While watching recent sports events (congratulations to the England Women’s Cricket Team winning the ODI World Cup!), it’s been great to see the innovation and inclusion of light as an integrated tool, rather than just a source to watch by.
Lighting for sporting events has become part of the showpiece: from fireworks to motorised projectors, all increase the spectacle and strive to wow the audience (if you like that sort of thing), sometimes taking on the look of a music concert. Even darts has taken a leaf out of the “How to stage a boxing ring entrance” handbook.
As we know, the main aspect of lighting in sport is to illuminate players, equipment, and playing surfaces, to a level that enables the activity to take place and for spectators to see the action. TV also has specific requirements when it comes to lighting and sport, and with the use of HD and 4K/Ultra HD, lighting looks to play an even bigger role in the future. What lies ahead is exciting, but I’m also looking with great interest at the use of light as an integrated part of the sport that I’m personally watching today.
The use of light as a tool in sport isn’t completely new: it’s been used to indicate scores, like in ice hockey and water polo where goal judges press a handheld remote to a flashing red beacon.
For fencing, like in last year’s Rio Olympics, the action was made easy to follow because of LEDs that were integrated into the competitors’ helmets and each piste. On top of this, the background illuminance was dark, with specific spotlighting and emphasis on the action. All in all it made for an event that was more “visually” exciting for viewers. (Leon Paul London created playing areas with colour change lighting for London 2012 – these were adapted and improved on for Rio.)
A search for “Lighting in Sports” will 99 times out of 100 bring up the result of “Sports Lighting”, and the new and wonderful luminaires that are used to illuminate indoor and night-time sporting events. It’s very difficult to actually find information relating to the use of active light effects integrated into the sport itself, to indicate a score or to define a boundary.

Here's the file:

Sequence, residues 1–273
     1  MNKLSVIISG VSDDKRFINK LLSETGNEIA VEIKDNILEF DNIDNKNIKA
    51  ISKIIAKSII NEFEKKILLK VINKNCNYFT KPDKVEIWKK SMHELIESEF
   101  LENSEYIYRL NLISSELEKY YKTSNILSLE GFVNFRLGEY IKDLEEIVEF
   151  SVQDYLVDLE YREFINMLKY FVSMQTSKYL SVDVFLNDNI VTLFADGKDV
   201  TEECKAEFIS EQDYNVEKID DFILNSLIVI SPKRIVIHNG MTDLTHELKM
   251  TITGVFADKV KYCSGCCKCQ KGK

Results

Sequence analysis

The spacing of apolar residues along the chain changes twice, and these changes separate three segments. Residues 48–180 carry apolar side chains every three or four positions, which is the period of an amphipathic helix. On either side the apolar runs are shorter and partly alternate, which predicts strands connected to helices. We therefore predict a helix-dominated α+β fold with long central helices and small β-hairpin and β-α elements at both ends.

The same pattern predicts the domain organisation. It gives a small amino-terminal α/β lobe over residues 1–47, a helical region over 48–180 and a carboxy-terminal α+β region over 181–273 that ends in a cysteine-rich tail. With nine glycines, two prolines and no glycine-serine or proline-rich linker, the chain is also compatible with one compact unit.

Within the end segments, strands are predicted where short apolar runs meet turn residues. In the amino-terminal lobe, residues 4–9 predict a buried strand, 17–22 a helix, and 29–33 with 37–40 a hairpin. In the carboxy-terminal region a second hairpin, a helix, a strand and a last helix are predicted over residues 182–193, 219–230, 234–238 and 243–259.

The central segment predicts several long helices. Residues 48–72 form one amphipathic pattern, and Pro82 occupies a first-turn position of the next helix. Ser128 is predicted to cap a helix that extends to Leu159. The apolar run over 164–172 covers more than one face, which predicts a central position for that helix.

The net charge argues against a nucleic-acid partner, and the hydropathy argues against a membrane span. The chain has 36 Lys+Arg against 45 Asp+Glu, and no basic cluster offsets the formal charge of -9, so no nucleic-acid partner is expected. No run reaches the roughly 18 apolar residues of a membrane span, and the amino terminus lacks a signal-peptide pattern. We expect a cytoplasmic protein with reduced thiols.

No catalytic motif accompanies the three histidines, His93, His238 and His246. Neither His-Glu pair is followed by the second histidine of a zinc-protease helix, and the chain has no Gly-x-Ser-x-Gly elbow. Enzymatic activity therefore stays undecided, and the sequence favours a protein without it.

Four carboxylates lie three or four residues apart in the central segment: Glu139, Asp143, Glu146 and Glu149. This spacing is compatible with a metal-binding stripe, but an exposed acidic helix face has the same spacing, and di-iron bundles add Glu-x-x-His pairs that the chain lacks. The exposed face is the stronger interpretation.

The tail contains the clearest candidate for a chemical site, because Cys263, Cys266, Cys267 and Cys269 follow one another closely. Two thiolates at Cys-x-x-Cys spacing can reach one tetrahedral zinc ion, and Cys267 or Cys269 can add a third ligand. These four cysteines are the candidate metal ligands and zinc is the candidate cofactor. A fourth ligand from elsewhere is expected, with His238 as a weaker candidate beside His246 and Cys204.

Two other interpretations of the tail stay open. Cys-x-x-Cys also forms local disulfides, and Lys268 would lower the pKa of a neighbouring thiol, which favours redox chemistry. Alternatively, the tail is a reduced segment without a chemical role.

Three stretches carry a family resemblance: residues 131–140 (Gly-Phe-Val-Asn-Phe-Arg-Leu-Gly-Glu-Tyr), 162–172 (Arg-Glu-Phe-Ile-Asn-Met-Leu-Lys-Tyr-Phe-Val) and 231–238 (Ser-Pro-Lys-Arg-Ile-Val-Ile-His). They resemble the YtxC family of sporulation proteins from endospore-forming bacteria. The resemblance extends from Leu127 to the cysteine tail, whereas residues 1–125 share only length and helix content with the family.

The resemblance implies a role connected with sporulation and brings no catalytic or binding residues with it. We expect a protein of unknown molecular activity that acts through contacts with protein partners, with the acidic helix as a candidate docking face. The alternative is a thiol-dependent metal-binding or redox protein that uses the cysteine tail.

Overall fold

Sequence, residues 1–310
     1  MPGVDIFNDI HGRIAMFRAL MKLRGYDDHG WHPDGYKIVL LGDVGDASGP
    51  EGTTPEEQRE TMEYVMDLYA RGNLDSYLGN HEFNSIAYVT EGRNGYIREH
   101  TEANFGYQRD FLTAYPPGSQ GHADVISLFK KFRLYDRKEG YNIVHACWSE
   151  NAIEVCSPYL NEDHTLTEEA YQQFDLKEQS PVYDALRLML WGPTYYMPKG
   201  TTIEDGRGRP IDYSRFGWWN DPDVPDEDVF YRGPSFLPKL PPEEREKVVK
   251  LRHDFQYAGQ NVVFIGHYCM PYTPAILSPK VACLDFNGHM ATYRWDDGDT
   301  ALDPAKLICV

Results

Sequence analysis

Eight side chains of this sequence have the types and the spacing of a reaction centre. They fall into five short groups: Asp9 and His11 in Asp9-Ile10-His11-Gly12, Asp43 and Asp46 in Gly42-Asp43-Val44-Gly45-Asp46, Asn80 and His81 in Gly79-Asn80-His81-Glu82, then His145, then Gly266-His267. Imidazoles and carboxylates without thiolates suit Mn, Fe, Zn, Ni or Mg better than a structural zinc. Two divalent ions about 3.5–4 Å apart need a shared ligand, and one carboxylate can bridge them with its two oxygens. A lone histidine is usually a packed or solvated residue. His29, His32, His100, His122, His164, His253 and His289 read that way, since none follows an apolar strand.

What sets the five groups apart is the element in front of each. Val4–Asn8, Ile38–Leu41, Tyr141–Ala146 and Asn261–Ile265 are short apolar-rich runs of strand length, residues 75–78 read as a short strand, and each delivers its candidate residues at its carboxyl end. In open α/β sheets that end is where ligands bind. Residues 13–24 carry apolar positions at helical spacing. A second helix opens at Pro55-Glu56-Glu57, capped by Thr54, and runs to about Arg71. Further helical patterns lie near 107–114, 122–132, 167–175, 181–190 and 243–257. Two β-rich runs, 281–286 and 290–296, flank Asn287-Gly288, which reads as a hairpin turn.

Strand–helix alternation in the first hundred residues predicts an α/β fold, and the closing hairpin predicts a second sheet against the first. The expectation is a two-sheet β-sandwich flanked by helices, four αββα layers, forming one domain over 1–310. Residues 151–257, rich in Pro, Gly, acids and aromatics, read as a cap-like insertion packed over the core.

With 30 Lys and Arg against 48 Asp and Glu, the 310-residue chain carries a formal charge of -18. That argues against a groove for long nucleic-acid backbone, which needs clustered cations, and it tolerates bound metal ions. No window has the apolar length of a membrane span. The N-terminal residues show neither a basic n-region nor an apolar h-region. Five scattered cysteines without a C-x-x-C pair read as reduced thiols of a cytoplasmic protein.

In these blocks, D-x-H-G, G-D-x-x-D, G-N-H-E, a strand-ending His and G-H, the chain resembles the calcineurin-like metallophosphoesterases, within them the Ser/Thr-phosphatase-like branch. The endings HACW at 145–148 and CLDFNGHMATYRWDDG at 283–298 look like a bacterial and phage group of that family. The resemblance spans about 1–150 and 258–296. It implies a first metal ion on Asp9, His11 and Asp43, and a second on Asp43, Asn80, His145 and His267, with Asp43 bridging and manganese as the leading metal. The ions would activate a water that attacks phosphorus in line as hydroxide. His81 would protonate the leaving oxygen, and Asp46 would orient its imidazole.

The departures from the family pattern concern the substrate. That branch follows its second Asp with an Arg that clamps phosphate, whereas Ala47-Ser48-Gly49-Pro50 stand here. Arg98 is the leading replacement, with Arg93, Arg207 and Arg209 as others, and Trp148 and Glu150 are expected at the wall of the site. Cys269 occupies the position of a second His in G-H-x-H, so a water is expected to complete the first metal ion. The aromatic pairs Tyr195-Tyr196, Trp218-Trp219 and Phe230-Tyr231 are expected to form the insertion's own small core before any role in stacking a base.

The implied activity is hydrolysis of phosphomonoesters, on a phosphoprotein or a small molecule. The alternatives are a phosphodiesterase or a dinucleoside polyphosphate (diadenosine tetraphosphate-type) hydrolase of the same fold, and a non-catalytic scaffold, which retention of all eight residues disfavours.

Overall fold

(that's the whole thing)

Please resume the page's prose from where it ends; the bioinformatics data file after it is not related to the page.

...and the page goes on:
In cricket, since 2013, “flashing stumps” (the Zing wicket system) have been used in hundreds of domestic and international T20 matches, where the bail and adjacent stump flash integrated LEDs when both ends of the bail are completely detached. This is more of a tool for the umpires to assist in the correct decision being made, rather than total dependence on their view of a split second event. All the same, I think it’s a great idea.
Playing surfaces have also used integrated lighting in the past to define a sports court layout and allow for a quick change from sport to sport – for example, from five-a-side football to basketball. But, the system and bespoke flooring required does put it out of the reach for most sports centres.
The most common form of light used in sports is a laser: they enable the accurate measurement of distances and positions as part of an event. Laser systems have also been utilised to aid referees and umpires, but also to define a state in play.
Televised sport uses an array of TV trickery with augmented reality to show the path of a golf ball or a score projection onto the pitch, or even the line of an offside call. But because it’s TV, the actual fans who attend the event lose out, to some degree, on the show (with the added enhancements) that those see at home in their comfy chairs – it’s here that laser projection could provide a visual spectacle, as well as help those actually there follow calls, scores and decisions.
While the use of active or integrated light into sporting events is in its infancy (relatively), and will greatly improve the game of choice, it’s crucial that any use is focused and not distracting to the participants. The refinement of the control of light e.g. flash, line, colour change, needs to be designed accordingly to make sure the spectacle doesn’t start to resemble a pinball machine – the thought of White Hart Lane’s goal posts going “disco” every time we (Tottenham) score makes me feel a little bit ill.
It’s not a medium that can be applied to all sports of course (lasers and Crown Green Bowling maybe overkill), but using light in sport can help wow, and inspire the audience and participants…if done correctly. Osram has already helped give us a peek of the (possible) future with ice hockey players wearing novelty strips kitted out with all sorts of LEDs…
So…here’s hoping that Tokyo 2020 will keep the innovations coming!